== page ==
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Groups hold silent protest in Bacolod on Earth Day

/ 07:47 PM April 22, 2022
A silent protest was held by different groups at the Negros Occidental Capitol in Bacolod City on Earth Day, April 22

A silent protest was held by different groups at the Negros Occidental Capitol in Bacolod City on Earth Day, April 22. (Photo courtesy of Y4CH)

BACOLOD CITY — Youth and civil society organizations held a silent protest at the Negros Occidental Capitol in Bacolod City on Earth Day, April 22, against a proposed 300 MW liquefied natural gas (LNG) power plant in San Carlos City, a project the groups said would only bring climate and environmental harm and high-priced yet unreliable electricity.

The LNG plant is a project of Reliance Energy Development Inc. (REDI), a wholly owned subsidiary of San Miguel Corporation (SMC). In 2021, president Ramon Ang announced SMC will be converting its then proposed coal plant with LNG as a way to prove true its commitment to clean energy, a press statement sent by the  Youth for Climate Hope (Y4CH) said.

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“SMC seems to think it is doing us a favor by shifting from coal to gas, when the reality is it is merely switching lanes while driving us down the same road to climate destruction,” said Bianca Montilla, Y4CH co-convenor said.

Its proponents and backers, including government authorities, have touted natural gas – more appropriately fossil gas – and LNG as a clean alternative to coal. While less carbon-intensive than coal, however, fossil gas and LNG emit methane throughout its value chain, a greenhouse gas with 80 times more heat trapping capacity than CO2 over a span of 20 years.

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“Negrosanons receive some of the worst impacts of the raging climate crisis. We have barely recovered from Typhoon Odette, yet Typhoon Agaton came and once again wreaked havoc. There is no place here for a fossil fuel project that will only doom us to a worse climate situation,” said Paul Daniel Serrano of Y4CH.

Negros Island is known as the renewable energy capital of the Philippines, yet its people barely benefit from the cheap and clean electricity that renewable facilities in it produce as electric cooperatives opt to purchase power from fossil fuel plants outside the island. The groups are concerned a gas project will make it more difficult to amend this situation.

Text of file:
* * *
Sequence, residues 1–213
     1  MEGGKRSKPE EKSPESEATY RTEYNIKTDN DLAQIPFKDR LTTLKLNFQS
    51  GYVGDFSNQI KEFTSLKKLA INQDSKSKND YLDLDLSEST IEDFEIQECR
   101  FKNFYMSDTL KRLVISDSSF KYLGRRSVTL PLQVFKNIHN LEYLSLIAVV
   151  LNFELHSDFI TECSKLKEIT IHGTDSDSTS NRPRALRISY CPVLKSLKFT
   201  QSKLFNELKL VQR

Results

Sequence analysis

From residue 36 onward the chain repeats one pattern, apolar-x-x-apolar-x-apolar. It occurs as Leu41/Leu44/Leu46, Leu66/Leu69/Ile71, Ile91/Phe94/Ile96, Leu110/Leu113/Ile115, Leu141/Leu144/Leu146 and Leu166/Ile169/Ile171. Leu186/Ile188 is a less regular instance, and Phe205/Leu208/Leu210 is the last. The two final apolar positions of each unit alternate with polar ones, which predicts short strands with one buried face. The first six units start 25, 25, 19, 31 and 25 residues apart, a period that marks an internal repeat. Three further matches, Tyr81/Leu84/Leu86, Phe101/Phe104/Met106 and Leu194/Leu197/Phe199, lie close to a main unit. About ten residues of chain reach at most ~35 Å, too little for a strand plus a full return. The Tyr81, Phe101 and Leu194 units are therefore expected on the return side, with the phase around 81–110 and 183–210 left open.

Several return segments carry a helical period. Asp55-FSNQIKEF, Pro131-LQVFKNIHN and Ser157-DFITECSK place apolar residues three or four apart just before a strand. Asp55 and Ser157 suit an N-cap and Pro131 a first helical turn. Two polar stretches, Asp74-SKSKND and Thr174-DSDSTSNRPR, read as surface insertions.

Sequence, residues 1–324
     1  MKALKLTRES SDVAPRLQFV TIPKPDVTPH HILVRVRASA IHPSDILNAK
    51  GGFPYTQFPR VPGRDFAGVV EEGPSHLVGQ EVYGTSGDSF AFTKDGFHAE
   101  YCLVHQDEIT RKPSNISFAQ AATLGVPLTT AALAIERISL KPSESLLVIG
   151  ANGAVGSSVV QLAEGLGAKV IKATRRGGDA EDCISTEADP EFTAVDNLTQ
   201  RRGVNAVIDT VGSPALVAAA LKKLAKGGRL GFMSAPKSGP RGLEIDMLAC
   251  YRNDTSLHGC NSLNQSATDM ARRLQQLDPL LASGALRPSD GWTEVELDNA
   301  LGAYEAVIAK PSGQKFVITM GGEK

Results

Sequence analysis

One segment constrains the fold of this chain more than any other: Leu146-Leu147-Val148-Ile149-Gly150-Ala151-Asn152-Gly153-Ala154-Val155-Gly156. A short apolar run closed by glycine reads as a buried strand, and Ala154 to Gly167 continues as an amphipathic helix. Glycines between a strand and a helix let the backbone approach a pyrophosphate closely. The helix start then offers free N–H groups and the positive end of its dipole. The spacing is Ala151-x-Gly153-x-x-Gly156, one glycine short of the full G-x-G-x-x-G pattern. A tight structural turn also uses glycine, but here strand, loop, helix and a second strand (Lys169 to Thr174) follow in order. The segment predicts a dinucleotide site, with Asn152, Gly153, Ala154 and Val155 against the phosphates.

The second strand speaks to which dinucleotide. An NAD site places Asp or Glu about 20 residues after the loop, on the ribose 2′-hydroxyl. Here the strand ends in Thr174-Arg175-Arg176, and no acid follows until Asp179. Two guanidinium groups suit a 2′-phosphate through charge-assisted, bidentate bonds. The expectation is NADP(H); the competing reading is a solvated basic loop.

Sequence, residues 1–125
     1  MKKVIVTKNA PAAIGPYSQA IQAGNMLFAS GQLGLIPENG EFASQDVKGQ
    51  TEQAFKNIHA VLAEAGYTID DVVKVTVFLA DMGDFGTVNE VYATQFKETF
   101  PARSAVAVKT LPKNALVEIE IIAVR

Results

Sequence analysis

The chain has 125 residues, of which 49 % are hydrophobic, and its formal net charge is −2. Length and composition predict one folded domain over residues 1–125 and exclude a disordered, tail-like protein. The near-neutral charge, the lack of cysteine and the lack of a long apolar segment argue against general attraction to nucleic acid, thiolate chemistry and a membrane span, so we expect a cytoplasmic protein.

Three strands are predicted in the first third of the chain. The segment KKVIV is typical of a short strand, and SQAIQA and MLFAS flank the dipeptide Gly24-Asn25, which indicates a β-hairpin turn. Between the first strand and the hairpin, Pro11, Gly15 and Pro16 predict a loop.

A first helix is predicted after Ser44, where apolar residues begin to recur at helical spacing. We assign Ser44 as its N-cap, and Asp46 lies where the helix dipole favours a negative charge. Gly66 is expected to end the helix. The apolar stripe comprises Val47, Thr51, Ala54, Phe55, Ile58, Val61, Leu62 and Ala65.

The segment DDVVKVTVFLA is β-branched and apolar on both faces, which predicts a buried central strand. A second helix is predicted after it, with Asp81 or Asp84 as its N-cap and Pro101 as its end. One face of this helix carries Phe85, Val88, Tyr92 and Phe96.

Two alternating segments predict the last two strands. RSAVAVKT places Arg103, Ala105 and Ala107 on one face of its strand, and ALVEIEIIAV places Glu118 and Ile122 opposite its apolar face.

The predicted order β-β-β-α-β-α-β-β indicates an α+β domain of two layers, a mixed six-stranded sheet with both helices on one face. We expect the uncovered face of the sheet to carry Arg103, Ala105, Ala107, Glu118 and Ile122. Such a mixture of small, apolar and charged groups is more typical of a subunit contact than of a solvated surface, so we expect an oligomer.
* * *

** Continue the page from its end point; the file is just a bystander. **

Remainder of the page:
“Just this month, CENECO hiked its rates because the price of imported coal keeps soaring. With SMC’s plant, fuel will also be coming overseas and exposed to various volatilities. Why force consumers to bear the burden of high power prices when we have an abundance of affordable renewable energy we simply need to work on maximizing?” asked Grid Langco of Konsyumer Negros.

The groups had also been present at the first public scoping of SMC for the LNG project in March, in which the proposal was met with grave concern by local stakeholders.

“We continue to urge president Ramon Ang not to hinder our hope for a 100% renewable energy future, and for SMC to do its part in preserving our Earth by cancelling its plans for fossil gas and LNG development – not only here in Negros, but the rest of the country. That is what a genuine commitment to clean energy will look like,” said Bishop Gerry Alminaza of the Diocese of San Carlos, convenor of REpower Negros.

After actively taking part in the advance of coal in the last decade, SMC now leads the expansion of fossil gas and LNG nationally with a pipeline of over 13 GW  – including in Leyte, Zamboanga, Navotas, and a biodiversity hotspot in Batangas. Painting Earth Day as a day of action against LNG, environmentalists and local communities also held a protest against gas developments in the area of the Verde Island Passage.

“We are risking our climate ambitions, the environment, and the welfare of consumers and affected communities for an energy source that is not even able to assure cheap and reliable electricity. SMC and all backers of LNG should know they are doing the people of Negros, Batangas, or the Philippines no favor,” said Gerry Arances, convenor of broad energy advocacy and consumer group Power for People Coalition (P4P).

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The youth-led group laid their case in a position paper, signed by 22 local youth organizations, which will be presented to the Provincial Board next week.

“Three years ago, the provincial government stood with the youth on the right side of climate action by granting our cry for an order that will keep coal out of Negros Occidental. We now ask it to do the same: declare all fossil fuels, be it coal or gas, unwelcome in this province,” said Krishna Ariola of Y4CH.

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